Increasing COVID-19 Positive Case Numbers Are Alarming for Spokane County

Increasing COVID-19 Positive Case Numbers Are Alarming for Spokane County

Oct 09, 2020

Media Contact: Kelli Hawkins | khawkins@srhd.org | (509) 324-1539, c (509) 994-8968


Spokane, Wash. – Yesterday’s COVID-19 data showing positive cases for Spokane County at 138, the county’s third highest total since the beginning of the pandemic, is alarming to Spokane Health Officer Dr. Bob Lutz.  

“The data are not going in the right direction,” said Lutz. “We are seeing an increase in cases throughout the county from multiple sources which tells me people are not distancing, not wearing masks when they should, getting together when they shouldn’t, and not taking the threat of COVID-19 seriously.”  

Lutz explained these high case counts have Spokane County’s incidence rate ranked as the highest in the state, more than three times that of Washington state as a whole. SRHD is working with the Washington State Department of Health and the Governor’s Office, studying the data for Spokane County and determining what efforts will be needed to prevent further increases in outbreaks. 

“We have been working diligently with superintendents to start phasing children back to in-school instruction. We know that it is critical for children’s development that they be in school. It is also a way to ease the stress placed on parents and caregivers who need to get back to work,” said Lutz. “We need everyone’s help so that we can continue bringing children back to in-person school and opening the economy. We can do this by practicing physical distancing, limiting gatherings outside of our households, and wearing masks. I am very concerned, on the eve of a three-day weekend, that we will need to roll back recent easing of health measures in Spokane County, something I do not want to see happen.”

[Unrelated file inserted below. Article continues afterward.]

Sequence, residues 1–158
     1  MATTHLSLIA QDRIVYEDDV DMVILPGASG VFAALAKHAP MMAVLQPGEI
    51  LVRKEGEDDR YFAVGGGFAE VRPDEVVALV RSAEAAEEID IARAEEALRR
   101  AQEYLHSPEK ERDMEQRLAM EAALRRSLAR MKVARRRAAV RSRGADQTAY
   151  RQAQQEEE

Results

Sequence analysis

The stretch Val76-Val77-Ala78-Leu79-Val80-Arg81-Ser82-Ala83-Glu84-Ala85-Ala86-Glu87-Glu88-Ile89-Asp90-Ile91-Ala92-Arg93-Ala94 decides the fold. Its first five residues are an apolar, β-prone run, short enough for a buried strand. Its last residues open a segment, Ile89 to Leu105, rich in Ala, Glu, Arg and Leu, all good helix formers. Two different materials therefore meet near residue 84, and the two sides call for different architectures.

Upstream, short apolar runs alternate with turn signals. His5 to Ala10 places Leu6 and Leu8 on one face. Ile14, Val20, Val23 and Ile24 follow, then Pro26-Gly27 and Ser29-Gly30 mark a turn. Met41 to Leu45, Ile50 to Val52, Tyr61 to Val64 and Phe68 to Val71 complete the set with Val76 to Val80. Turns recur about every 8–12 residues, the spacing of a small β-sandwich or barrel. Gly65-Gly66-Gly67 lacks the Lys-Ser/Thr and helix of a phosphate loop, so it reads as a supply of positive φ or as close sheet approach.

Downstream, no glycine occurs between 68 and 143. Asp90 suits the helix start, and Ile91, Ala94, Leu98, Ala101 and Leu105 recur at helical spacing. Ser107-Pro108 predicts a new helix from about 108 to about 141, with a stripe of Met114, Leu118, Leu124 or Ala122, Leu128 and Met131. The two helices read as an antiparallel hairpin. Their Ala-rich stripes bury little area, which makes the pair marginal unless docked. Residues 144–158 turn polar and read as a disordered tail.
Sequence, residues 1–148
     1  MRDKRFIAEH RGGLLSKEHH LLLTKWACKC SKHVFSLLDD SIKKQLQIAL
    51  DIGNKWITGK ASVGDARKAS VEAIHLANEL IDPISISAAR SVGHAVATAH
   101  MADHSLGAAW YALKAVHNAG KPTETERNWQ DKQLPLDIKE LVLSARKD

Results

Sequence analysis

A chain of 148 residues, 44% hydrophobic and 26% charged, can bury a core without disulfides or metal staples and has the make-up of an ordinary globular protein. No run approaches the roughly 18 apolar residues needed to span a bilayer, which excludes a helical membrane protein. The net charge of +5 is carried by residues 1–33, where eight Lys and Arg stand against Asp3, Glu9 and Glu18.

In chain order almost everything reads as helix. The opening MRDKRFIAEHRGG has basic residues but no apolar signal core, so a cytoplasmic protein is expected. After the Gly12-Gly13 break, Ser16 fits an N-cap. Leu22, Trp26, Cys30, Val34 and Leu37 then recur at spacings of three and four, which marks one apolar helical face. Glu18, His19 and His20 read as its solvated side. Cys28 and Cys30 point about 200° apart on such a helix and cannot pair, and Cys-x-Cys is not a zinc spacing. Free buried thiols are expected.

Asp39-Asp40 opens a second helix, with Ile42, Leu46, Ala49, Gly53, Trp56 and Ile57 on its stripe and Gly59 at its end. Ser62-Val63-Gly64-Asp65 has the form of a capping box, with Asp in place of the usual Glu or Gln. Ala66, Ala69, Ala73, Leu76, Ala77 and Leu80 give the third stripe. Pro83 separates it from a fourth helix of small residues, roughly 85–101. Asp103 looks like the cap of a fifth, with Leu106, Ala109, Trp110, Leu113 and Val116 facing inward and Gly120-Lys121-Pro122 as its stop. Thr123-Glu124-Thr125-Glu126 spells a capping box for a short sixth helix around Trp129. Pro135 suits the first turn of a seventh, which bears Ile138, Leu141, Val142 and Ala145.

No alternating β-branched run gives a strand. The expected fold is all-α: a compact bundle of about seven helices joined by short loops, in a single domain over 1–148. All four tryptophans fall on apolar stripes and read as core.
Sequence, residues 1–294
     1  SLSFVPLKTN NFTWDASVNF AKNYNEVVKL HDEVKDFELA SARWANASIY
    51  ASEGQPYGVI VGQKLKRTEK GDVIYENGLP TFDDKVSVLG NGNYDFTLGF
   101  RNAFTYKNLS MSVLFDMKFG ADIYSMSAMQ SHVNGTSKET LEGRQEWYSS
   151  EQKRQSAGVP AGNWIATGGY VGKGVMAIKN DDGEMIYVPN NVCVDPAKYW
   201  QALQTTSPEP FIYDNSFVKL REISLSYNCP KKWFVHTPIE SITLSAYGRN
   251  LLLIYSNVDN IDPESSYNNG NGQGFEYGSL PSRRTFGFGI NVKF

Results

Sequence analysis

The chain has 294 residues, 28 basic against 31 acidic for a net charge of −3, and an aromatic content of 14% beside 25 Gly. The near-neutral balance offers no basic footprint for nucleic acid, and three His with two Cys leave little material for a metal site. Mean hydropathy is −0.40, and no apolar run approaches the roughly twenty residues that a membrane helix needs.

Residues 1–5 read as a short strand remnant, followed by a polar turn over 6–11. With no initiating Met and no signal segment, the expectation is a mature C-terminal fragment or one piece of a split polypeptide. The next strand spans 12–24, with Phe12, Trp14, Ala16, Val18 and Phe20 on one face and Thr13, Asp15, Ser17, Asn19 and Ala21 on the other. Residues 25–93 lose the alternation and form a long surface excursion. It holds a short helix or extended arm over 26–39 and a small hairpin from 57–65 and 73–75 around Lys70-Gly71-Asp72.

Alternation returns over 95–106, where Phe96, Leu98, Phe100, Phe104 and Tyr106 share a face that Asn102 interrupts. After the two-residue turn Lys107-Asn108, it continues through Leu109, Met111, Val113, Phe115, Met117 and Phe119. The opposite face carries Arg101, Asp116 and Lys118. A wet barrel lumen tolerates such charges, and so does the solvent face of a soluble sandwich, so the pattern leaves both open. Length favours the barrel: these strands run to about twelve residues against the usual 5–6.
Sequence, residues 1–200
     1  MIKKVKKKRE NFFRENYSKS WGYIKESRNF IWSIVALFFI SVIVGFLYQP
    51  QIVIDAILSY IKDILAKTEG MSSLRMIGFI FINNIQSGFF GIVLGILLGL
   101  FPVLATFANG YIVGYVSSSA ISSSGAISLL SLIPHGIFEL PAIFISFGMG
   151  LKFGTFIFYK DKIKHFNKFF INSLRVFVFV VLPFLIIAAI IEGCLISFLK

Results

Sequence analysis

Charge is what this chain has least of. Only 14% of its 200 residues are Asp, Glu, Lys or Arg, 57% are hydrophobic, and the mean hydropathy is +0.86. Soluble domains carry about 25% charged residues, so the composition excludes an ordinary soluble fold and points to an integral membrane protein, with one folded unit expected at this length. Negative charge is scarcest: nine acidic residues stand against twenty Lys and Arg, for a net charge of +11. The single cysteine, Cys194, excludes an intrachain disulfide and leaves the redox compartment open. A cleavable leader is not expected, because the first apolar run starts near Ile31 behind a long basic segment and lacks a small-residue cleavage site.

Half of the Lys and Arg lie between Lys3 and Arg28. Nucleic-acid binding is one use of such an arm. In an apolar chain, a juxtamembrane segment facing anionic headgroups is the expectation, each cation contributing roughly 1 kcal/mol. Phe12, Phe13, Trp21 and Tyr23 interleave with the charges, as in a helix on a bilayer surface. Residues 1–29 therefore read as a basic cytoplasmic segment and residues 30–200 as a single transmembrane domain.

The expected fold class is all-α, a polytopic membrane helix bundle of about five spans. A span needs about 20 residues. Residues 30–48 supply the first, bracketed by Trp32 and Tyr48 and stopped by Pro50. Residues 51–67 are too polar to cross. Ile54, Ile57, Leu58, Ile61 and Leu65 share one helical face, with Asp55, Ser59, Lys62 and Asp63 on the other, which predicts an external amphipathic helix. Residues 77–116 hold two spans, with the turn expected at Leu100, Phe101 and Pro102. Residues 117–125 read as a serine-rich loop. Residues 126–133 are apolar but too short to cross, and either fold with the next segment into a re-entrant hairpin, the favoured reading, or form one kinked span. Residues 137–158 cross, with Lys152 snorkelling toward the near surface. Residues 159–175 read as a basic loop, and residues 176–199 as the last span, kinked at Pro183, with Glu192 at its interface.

Large gatherings taking place during past holiday weekends have proven to be troublesome with increased incidence rates, hospitalizations and deaths following each instance. For example:

  • Memorial Day, May 25 – Lead to a spike in cases between June 3-8
  • Independence Day, July 4 – Lead to a spike in cases between July 11-17
  • Labor Day, Sept. 7 – Lead to a spike in cases between Sept. 16-25

Health officials implore the community to support the economy and the phasing-in of in-person school by refraining from large gatherings over the weekend leading up to the commemoration of Indigenous Peoples’ Day on Monday, Oct. 12, and in the future while planning Halloween activities and holiday celebrations. 

“We have a false sense of being out of the woods or that the pandemic isn’t as prevalent in our county, and that couldn’t be further from the truth,” Lutz said. “We need to work together as a community, staying vigilant, and showing care and concern for others by following the health guidance – even when away from work or not in public.”